Karl Marx was one of the first to highlight how the structures of modern society inevitably lead to alienation. He describes how, in industrial settings, many workers are alienated from the products they produce. For example, an assembly line worker is far removed from the completed product.
The alienation of the worker in his product means not only that his labor becomes an object, an external existence, but that it exists outside him, independently, as something alien to him, and that it becomes a power on its own confronting him.
Marx K, Economic and Philosophic Manuscripts of 1844. First Manuscript p29
In contrast, many professionals such as teachers, architects, entrepreneurs and hairdressers remain closely affiliated with their productive output.
There are other ways in which we experience alienation in the modern world.
Often we experience alienation as customers when organisations conceive their clientèle in purely economic terms. We may experience this in for example, in airline, telecommunications and fast food industries – customer-provider interactions are kept to a minimum and are strictly orchestrated – we are reduced to commodities and with each transaction the organisation becomes more powerful at our expense.
Alienation is not the same as isolation or disengagement. It is potentially more sinister – it involves a diminution of aspects of human nature. It is not simply ignoring someone it’s a more active process of regulation and imposition of externally convenient limits.
Alienation is part of the price we pay for progress and economy. If we want cheap air travel, digital devices and convenient nourishment then we will experience alienation. Most people can cope and are willing to accept much in exchange for greater freedom at other times.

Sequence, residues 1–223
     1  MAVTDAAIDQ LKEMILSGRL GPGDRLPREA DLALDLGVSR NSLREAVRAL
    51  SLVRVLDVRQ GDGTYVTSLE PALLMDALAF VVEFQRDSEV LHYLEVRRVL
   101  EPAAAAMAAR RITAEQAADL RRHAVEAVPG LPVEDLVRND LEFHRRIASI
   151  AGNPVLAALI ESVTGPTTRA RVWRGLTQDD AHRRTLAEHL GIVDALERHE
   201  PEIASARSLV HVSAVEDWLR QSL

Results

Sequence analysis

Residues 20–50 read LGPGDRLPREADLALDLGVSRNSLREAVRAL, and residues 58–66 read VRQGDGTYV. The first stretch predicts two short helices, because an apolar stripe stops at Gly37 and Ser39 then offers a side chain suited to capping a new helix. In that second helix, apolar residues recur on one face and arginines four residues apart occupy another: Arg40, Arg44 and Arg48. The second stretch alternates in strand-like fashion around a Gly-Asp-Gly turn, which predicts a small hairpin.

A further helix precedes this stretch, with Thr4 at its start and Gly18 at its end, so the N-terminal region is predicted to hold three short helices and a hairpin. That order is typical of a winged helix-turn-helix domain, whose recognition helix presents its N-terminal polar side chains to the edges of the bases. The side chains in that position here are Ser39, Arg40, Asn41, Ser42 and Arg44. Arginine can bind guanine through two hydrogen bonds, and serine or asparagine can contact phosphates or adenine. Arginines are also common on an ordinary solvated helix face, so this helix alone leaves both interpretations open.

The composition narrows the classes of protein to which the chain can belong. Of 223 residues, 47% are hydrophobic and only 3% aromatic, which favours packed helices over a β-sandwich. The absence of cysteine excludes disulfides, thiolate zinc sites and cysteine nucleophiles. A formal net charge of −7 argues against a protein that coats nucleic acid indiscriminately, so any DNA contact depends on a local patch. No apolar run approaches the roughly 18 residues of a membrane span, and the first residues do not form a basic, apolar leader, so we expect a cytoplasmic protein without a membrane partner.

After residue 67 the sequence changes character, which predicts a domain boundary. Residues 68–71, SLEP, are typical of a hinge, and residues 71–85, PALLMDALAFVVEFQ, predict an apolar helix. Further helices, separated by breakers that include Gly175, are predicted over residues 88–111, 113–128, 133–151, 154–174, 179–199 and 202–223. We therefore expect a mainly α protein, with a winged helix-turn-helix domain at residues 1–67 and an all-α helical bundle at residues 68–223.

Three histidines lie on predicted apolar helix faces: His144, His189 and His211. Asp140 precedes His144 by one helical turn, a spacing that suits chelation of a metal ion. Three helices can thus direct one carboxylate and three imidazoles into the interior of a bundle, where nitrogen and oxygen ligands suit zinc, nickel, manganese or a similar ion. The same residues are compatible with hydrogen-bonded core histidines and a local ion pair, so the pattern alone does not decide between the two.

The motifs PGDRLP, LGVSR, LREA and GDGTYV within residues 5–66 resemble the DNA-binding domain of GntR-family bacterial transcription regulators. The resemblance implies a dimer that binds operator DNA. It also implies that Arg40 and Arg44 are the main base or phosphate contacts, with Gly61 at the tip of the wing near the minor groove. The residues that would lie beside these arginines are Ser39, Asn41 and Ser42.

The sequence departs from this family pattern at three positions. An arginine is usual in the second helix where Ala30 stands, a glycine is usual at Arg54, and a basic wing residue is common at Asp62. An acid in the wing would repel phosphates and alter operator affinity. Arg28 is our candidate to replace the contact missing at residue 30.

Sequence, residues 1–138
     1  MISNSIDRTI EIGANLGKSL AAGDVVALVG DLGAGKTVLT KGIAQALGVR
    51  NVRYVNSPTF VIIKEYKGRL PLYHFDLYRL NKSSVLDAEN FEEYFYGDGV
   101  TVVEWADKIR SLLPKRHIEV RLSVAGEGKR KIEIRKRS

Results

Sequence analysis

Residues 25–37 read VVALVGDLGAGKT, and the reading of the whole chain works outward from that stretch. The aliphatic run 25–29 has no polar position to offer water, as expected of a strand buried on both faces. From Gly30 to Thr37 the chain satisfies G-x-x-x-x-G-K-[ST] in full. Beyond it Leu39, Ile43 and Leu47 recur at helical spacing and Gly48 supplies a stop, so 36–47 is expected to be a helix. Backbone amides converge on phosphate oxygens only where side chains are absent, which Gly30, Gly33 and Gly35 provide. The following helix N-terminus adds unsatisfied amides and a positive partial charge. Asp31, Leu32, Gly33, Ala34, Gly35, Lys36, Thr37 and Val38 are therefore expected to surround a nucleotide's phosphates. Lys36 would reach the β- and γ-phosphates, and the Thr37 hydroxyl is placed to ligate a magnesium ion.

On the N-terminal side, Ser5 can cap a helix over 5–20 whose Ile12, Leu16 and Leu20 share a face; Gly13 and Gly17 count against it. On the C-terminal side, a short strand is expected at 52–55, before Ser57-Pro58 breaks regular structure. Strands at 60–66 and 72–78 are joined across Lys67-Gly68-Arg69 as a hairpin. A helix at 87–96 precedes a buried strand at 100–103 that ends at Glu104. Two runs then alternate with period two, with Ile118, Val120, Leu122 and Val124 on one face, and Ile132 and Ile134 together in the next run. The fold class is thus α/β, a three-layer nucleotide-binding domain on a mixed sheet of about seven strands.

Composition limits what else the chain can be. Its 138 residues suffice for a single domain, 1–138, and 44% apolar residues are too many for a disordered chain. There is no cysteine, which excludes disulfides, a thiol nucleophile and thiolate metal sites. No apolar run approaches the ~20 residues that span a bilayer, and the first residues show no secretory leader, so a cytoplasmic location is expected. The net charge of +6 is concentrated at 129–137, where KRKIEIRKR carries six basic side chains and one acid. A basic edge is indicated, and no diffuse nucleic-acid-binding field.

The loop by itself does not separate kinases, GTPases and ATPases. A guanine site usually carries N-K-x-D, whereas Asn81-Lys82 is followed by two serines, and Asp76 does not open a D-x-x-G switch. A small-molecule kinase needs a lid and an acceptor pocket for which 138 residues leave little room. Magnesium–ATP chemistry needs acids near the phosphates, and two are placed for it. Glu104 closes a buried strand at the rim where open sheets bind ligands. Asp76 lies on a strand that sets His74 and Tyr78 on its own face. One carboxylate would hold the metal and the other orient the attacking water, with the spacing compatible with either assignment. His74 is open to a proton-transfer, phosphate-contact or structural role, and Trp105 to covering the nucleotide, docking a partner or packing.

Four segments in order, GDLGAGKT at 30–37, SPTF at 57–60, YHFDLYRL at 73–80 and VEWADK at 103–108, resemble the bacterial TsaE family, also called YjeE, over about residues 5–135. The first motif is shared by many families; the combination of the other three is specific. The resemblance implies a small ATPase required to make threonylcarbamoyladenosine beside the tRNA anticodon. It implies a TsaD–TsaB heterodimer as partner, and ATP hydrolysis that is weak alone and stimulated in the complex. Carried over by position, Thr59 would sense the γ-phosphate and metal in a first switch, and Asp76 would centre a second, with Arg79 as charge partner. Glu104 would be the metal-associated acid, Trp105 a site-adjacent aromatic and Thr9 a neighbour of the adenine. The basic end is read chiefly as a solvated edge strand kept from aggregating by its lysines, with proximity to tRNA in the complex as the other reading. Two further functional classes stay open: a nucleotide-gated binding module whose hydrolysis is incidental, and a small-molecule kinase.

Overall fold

Similarly, all those ‘small cogs in a big wheel’ workers in multi-nationals, manufacturing industries and the like, certainly do experience alienation from product. However, in contrast with the 1800’s when Marx first wrote about the topic, there are many possibilities for fulfilment in other ways. People work in teams, take pride in achieving goals and have very rich lives outside of the workplace.
Today, we experience new and often more powerful manifestations of alienation. One of the most prevalent is the way in which we treat people who are unemployed as economic commodities. Certain skills are no longer regarded as useful while others are in demand. The simplistic solution of reskilling is often proposed as a quick-fix for a more complex state of affairs.
Participation is the opposite side of alienation and I argue that ‘learning to participate’ is the big, on-going task of adult education. We will continue to experience alienation throughout our lives – for some it’s caused by new technology, others experience it in employment or as customers. The antidote to alienation is participation and the path to participation is through learning.
Participation is empowering, it involves purposeful activity that enriches the person while working with others. It can manifest as engagement in the digital world but it is also evident in conscious decisions not to follow the trend. When we learn to participate it may involve acquisition of new skills and competence but it is also an autonomous and liberating action.
Alienation is a powerful influence on all our lives. This is especially the case during hard times. It is important that we establish strong foundations for our own well-being. Otherwise we become vulnerable, at risk of being overwhelmed by external forces. We build our strength by becoming knowledgeable and making our own meaning. This is what we do.